Yesterday a thick fog framed our city. North, south, east, and west: in all directions a gentle, yet persistent frozen mist softened the day’s light. My maple trees shone with ice crystals; pine trees decked with diamonds wrapped around my back yard. Hoarfrost left behind by that soft haze made me wonder whether I live in a dream. Is this gentleness real? Or am I imagining this beauty? Who is behind this astounding gift so freely given?
Some of the indigenous people of this continent call the Creator of this wonder Kitchi-Manitou. This name can be variously translated, but the two words point to a mystery, a fundamental anima that is great beyond all telling. Many of these indigenous peoples assert that Kitchi-Manitou is everywhere. Yet there are places where this divine presence is concentrated: here and there God is so present that people seek out these particular places to experience vision in times of trial and guidance in periods of perplexity. Kitchi-Manitou is beyond manipulation, but still promises this mysterious divine presence at sacred sites.
On a day like yesterday, when I looked out over the trees poignant with white, I pondered how this mysterious mist serves as a parable of the mystery of God. On my midday run, I could clearly see the path at my feet, yet further down the path the fog accumulated to dampen sight. I knew that from a distance the place where I was and could clearly see would seem to be blanketed with the same thick mist that I only saw at the horizon. And then, I looked over at the trees and there, the mist left a trace of its presence. On trees’ twigs and evergreen’s needles the vapor deposited reminders of its presence. Here and there, evidence of that earthen cloud made a mark that invited me to focus my seeing, so that all of my being might be touched by the mystery of mist.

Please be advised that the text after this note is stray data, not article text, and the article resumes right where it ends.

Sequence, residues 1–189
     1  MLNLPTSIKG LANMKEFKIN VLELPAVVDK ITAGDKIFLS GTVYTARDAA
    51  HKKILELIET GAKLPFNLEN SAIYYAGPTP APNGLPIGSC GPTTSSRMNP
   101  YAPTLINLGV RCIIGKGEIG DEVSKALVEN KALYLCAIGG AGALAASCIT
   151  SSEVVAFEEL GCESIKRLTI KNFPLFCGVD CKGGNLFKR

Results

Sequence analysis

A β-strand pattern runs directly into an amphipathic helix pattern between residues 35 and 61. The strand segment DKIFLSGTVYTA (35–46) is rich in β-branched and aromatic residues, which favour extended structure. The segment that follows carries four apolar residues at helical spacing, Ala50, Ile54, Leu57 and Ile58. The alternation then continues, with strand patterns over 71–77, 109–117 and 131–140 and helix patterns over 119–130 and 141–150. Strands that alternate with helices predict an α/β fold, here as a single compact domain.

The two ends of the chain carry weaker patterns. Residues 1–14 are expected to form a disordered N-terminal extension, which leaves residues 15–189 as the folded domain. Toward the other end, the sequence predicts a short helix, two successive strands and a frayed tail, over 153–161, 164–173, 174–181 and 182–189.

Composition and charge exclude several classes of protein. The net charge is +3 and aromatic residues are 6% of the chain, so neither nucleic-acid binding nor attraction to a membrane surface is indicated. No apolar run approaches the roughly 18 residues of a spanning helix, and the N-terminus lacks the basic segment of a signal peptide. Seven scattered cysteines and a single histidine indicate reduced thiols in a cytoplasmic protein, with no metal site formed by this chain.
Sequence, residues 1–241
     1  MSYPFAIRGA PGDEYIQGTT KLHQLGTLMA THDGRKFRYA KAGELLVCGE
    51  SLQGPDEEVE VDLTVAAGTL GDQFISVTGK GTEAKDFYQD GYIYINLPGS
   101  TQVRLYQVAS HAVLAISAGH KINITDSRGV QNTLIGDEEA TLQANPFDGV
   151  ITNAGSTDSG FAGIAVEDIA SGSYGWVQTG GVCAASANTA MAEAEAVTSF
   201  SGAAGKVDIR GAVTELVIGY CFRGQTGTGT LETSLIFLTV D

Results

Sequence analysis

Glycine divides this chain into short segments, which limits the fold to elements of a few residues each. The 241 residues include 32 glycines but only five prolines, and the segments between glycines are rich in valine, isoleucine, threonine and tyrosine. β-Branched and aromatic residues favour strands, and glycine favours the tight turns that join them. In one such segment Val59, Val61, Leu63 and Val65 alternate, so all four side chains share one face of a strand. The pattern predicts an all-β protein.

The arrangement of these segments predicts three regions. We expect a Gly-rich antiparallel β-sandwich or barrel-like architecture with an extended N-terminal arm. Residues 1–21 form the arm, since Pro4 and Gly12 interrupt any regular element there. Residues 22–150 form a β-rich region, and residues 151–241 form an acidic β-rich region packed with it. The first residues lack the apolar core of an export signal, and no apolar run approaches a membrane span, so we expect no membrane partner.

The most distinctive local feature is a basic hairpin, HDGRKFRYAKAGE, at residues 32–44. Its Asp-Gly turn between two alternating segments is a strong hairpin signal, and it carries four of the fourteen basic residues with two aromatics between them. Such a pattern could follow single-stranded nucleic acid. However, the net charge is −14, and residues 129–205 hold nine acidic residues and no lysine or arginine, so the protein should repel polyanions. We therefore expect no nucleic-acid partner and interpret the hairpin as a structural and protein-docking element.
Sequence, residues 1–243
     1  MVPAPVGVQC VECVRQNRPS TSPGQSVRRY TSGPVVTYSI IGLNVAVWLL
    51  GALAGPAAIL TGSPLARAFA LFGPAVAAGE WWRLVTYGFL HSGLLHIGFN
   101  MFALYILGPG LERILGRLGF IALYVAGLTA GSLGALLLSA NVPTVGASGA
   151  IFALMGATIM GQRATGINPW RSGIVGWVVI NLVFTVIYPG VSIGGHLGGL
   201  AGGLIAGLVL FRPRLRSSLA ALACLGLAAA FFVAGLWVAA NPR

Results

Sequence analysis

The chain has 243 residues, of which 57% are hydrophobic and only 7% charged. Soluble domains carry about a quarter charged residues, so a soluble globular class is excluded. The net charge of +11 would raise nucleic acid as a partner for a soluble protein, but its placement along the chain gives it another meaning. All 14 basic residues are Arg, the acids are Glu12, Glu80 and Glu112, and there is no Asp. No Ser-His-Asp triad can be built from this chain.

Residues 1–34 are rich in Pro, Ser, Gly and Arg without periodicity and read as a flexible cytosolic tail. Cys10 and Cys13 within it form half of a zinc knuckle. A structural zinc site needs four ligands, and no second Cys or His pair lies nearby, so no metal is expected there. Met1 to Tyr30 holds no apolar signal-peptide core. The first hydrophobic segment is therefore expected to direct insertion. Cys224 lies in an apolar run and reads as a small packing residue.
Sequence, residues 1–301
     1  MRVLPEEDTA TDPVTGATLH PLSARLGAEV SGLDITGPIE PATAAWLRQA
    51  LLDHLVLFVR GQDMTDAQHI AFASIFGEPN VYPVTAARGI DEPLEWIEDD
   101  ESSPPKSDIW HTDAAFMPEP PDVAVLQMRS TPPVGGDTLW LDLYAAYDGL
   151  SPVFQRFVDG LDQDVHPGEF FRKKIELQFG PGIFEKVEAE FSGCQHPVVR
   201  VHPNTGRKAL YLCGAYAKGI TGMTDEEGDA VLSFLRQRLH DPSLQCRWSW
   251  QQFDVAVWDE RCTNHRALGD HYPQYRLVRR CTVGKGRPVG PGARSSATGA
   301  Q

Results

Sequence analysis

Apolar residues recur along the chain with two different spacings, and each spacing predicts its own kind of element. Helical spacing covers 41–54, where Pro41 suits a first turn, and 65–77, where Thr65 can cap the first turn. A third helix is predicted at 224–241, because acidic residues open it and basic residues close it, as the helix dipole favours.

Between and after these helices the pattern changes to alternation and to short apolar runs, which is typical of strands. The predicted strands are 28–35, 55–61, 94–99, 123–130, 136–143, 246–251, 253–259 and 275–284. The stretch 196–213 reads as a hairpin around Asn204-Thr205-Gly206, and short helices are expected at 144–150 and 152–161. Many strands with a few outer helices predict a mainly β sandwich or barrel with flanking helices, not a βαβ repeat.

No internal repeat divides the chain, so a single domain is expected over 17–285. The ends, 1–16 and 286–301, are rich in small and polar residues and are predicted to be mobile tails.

Of course, this hoarfrost lasted but for a time; rather like a summer fog. Only a moment is given for seeing this beauty that caresses the eyes; that stills the heart; that opens the ears. But still this pregnant moment etches itself in my mind’s eye so that I ever see that heaven touches earth and leaves traces of its sanctity even here, on the branches of my back yard.
Kitchi-Manitou has visited my neighbourhood, and so I walk in this place now holy, in wonder as creation’s beauty arrests our propensity for cynicism, our predilection for ego, and our placation with prejudice. The hoarfrost preaches a mighty sermon: look for the holy, live with the whole, and give some space for mist and mystery in the imagination.